Vermont in transition talks
Osher Lifelong Learning Institute considers Vermont in Transition
during April. Roger Albee talks about Tipping Points in the History
of Vermont's Agriculture on April 13, describing how Vermont
agriculture developed from early settlements after the French and
Indian War up through the present. On April 20, Angela Miller
outlines the changes in her life as That New Woman Who Bought the
Old Nelson Farm. Today her farm is known as cheese-making Consider
Bardwell Farm of West Pawlet.
Writer Karen Lorentz focuses on The Ups and Downs of the Ski
Industry on April 27. Vermont is #3 in the ski-state ranking.
Programs are 1:30-3 p.m. on Fridays in the Godnick Adult Center.
Crime on the upswing
We used to say that crime and criminal mischief in Vermont were
pretty much confined to Burlington, if anywhere. Some locals say
crime in Rutland has increased drastically in the last few years,
and is not the peaceful home town they used to know. Violent crime
is still a rarity. But the number of property crimes is high,
nearly double the statewide rate as a whole, charts show. Locals'
chances of being robbed in 1 is 22, compared to a statewide 1 in
As March ended, two men held up a gas station/convenience store,
and were captured. Someone lit three fires in Pine Hill Park the
afternoon before. Two paintings were stolen from an art exhibit in
the middle of the month.
Most arrests seem to be for illegal drug-related activity,
including theft for money with which to buy drugs. Interim Police
Chief James Baker bases his argument for the proposed methadone
clinic on Rutland's drug difficulties, saying "Everything that we
are doing in Rutland City is driven by this problem." The police
department can't take care of other responsibilities because of how
pervasive the drug problem has become.
Nor are the people arrested coming in from out of town, Baker
observes, saying that those who are addicted are "kids raised in
this city." The substances to which they are addicted are harder to
intercept because, under other circumstances, they are legal
prescription products. Cutting off demand must be the focus in
order to diminish the number of crimes.
Stormwater separation proposed
Rutland City is proposing a stormwater separation project on
Library Avenue to satisfy state requirements on sewage overflows.
It calls for 5,000 new feet of storm sewer lines to pull stormwater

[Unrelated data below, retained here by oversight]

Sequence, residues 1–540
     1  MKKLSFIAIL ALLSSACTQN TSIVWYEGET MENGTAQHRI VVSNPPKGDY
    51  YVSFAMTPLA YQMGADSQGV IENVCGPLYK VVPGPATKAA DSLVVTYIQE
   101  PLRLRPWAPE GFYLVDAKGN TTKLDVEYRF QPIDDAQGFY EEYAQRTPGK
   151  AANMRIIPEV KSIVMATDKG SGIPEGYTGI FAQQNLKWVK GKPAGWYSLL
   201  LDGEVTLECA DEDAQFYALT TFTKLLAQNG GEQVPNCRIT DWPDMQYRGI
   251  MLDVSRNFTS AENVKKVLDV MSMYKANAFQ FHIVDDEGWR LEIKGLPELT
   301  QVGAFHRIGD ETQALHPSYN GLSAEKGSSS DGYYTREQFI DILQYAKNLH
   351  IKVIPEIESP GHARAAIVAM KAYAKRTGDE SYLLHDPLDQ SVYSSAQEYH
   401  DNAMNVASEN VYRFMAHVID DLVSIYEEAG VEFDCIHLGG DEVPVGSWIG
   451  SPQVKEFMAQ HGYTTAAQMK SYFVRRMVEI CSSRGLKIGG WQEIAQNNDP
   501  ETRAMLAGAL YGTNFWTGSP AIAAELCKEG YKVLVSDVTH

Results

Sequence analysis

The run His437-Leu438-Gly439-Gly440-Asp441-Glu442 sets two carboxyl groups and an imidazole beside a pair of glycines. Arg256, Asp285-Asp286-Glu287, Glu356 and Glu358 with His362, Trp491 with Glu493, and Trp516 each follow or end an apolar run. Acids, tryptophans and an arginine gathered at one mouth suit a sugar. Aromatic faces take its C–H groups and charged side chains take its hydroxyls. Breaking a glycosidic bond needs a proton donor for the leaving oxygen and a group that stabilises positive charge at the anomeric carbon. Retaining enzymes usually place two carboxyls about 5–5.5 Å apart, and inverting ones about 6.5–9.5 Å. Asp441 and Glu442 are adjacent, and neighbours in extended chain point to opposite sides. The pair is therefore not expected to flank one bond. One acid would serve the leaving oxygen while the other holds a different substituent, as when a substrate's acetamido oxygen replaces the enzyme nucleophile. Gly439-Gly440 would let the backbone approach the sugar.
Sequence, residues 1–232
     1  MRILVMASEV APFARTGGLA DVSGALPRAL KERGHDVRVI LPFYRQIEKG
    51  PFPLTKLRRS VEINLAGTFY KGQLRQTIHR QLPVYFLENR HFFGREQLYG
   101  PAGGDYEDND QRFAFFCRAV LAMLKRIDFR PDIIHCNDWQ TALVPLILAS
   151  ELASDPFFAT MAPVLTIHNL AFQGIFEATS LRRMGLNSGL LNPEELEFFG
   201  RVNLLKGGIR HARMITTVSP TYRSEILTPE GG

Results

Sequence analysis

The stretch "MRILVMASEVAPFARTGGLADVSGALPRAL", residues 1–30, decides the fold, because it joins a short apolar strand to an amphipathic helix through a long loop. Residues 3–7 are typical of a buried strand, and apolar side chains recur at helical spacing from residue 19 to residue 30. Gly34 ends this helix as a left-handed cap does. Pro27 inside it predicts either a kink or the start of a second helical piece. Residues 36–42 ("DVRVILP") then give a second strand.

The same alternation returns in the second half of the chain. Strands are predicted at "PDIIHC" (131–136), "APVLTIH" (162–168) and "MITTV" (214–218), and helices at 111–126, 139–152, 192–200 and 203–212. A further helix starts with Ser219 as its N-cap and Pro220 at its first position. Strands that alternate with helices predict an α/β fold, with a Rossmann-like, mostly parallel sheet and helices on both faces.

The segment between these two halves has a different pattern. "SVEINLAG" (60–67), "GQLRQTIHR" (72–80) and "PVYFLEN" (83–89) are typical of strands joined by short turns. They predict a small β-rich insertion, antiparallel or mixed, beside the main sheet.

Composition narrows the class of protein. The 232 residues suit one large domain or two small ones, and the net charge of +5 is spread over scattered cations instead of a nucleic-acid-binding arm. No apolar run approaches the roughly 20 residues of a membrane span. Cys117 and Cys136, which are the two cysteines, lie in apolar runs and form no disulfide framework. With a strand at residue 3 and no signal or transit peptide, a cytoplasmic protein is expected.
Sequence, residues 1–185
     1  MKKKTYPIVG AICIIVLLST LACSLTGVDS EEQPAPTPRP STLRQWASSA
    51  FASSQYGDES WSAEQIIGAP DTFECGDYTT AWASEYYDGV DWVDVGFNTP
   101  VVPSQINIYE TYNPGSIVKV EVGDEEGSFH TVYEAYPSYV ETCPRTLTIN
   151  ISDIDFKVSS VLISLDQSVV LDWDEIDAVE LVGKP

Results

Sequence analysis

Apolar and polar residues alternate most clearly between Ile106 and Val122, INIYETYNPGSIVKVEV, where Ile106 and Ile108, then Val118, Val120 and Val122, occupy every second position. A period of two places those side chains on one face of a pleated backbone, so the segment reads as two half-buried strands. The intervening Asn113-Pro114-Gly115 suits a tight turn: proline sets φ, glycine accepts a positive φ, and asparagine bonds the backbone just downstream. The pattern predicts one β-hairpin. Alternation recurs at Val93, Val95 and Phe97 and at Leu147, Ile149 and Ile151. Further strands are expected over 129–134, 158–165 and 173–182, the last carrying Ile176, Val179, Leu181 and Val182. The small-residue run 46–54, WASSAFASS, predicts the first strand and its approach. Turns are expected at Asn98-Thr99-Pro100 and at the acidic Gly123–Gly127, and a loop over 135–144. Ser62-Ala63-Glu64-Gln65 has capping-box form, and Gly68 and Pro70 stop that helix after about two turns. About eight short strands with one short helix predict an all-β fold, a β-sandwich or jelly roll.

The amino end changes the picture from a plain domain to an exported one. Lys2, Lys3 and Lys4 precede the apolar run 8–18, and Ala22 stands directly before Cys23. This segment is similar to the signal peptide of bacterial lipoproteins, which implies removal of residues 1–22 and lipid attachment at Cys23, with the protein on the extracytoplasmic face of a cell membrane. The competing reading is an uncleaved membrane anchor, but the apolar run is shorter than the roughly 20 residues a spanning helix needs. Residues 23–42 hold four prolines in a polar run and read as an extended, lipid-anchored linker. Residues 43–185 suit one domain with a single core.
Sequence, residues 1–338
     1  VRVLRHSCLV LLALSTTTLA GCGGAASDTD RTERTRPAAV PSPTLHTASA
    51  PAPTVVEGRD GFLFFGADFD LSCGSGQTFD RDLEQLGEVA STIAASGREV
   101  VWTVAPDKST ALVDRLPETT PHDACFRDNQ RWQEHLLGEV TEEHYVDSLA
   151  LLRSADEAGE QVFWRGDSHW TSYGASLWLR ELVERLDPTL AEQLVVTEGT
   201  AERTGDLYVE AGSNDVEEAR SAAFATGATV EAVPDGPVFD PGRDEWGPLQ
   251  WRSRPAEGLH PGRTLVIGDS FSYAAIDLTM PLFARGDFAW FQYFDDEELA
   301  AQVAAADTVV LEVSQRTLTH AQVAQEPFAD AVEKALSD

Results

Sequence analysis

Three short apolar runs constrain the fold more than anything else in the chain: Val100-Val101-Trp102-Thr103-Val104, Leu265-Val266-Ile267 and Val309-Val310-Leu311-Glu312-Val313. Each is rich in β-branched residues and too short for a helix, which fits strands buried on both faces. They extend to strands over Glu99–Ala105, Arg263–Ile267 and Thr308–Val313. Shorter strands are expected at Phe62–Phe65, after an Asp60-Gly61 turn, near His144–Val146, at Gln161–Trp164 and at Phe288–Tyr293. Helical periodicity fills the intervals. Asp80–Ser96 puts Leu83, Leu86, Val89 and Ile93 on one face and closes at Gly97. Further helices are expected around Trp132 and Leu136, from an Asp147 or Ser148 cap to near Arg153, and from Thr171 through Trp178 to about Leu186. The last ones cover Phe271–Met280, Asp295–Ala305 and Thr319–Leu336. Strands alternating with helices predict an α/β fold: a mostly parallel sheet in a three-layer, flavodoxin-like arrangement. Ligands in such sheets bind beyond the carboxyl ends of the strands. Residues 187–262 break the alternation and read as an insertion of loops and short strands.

from a 59-acre expanse that is fully developed.
work would take place in mid-2013, with a bond issue on the ballot
the following March. Project completion would come by November
2015. The city would monitor overflow for the following 13 months
to assess whether there need be additional work.
Wales Street Deli opens
The building between Timco Jewelers and Two Sheas on Wales Street
is back in the food business. Erik Bassalin has opened the Wales
Street Deli at 38 Wales St., offering sandwiches, daily hot dish
specials, homemade soups and a salad bar. Hours are mid-morning to
5:30 p.m. Monday through Friday.
Facade matching on historic building
Pedestrians and motorists have wondered for years why the former
car dealership at 151 West Street remained unrestored, surrounded
by scaffolding. Work that started seemingly ages ago was halted
awaiting a decision on how best to maintain the historic character
of the 1927 structure. Original builders had decorated the exterior
in art deco terracotta, a material seldom used in Vermont. Post
Office authorities say they hope for a decision on how accurately
to restore the exterior and still have time to finish the work by
the end of September.
Art show planning begins
Members of the Carving Studio & Sculpture Center are planning
the annual members' show, scheduled for May 19 through July 1 at
the Gallery 259 Marble St., West Rutland. The show opens with a
reception for the artists, open to the public, from 5 to 7 p.m.,
Saturday, May 19. Works must be turned in by Friday, May 11. Call
Sirloin Saloon closes
Sirloin Saloon, 200 S. Main St., Rutland, recently closed, citing
recession induced economic pressure and rising costs. Owned by
Amresco Commercial Finance of Noise, ID, the Rutland Sirloin
Saloon, along with a Sirloin Saloon in Manchester and the Dakota
Steakhouse in Latham, NY, had been leased by DWH1 Susan
Schulze-Claasen for the past four years.
Started by Tony Perry as the Five Flys nightclub in 1963, the
business became a steakhouse in in 1999. Perry sold it to several
management employees, who financed their $17.5 million purchase
through Amresco. It had a staff of 30.
Wonder what will happen to the waving wooden bears that stood on
its front lawn for so many years.
Saturday, April 14 - Easter egg activities: West Rutland Public
Library Famous Egg Story Day, 10 - 10:30 a.m. Egg stories, egg
snacks, egg hunt. 438-2964. Rutland's Depot Park Egg Hunt 10 a.m.
Ages 8 and under. 773-9380.
Sunday, April 15 - Ariel Quartet in classical chamber music concert
at the Paramount Theatre, downtown Rutland, 3 p.m. 775-0903.